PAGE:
For environmental science majors passionate about combating climate change and fascinated by principles from electrical, mechanical, or civil engineering, this career provides a front-row seat to one of the most transformative movements of our time.

Sustainable Design Consultant

Ever wonder about those buildings covered in plants, or those neighborhoods that seamlessly blend nature with urban life? What you’re seeing are works inspired and informed by the magic touch of a sustainable design consultant.

And, although many people are charmed by the natural elements and aesthetics, this consultant work isn't just about aesthetics but about changing how humans engineer their living spaces.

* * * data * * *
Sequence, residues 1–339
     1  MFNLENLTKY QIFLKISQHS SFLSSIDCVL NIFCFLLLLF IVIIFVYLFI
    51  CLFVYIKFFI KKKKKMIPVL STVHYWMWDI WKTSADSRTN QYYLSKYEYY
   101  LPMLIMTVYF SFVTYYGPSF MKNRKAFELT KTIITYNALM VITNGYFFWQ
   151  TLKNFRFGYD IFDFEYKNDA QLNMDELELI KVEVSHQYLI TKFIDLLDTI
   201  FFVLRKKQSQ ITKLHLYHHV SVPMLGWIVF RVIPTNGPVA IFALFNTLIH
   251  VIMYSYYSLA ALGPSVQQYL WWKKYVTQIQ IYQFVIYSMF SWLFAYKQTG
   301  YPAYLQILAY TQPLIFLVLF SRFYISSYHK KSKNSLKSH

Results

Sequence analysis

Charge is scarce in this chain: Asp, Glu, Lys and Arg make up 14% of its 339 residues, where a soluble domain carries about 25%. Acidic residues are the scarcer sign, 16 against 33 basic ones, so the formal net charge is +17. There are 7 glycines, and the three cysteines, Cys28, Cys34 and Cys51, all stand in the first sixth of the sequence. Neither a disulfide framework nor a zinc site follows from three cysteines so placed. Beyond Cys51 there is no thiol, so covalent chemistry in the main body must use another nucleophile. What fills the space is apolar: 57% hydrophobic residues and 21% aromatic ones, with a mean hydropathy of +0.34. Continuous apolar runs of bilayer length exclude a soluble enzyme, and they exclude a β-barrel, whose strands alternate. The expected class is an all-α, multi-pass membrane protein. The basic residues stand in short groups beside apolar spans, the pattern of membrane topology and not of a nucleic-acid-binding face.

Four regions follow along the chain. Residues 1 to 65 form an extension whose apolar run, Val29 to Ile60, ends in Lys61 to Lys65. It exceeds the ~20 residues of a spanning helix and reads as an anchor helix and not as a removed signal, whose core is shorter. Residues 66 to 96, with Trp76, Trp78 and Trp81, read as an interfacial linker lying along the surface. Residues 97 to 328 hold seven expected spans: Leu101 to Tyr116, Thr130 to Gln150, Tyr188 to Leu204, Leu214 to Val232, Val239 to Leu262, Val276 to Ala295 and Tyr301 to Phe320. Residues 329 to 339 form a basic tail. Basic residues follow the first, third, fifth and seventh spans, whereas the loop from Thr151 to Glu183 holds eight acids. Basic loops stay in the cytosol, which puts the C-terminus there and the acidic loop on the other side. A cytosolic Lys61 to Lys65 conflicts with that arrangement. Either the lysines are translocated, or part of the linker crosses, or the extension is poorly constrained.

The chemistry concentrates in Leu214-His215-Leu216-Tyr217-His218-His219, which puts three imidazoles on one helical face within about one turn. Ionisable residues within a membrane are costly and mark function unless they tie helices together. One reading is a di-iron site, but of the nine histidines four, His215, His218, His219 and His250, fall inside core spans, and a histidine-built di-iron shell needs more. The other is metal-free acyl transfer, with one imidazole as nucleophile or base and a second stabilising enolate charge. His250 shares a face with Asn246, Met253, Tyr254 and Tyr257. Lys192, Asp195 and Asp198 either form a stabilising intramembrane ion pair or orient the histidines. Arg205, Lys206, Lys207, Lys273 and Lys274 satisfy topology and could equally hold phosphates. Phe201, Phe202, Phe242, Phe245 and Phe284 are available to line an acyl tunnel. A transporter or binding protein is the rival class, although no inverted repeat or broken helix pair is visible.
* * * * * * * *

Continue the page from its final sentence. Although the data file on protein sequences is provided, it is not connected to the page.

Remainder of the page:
A sustainable design consultant will apply principles of sustainability and environmental science into architectural and urban designs, ensuring energy efficiency, minimal environmental impact, and a harmonious coexistence with nature. For instance, they might advise on how a building can maximize natural light or how rainwater can be harvested for multiple uses.

As a sustainable design consultant you would blend environmental science learning with architectural principles and a flair for creativity. You might also have a passion for materials science, to understand how different natural and man-made materials can be used in new and creative ways for sustainable designs.

High schoolers who have an artistic flair, a love for the environment, and some real aptitudes for engineering and architecture principles will find this role a perfect blend of design work and science.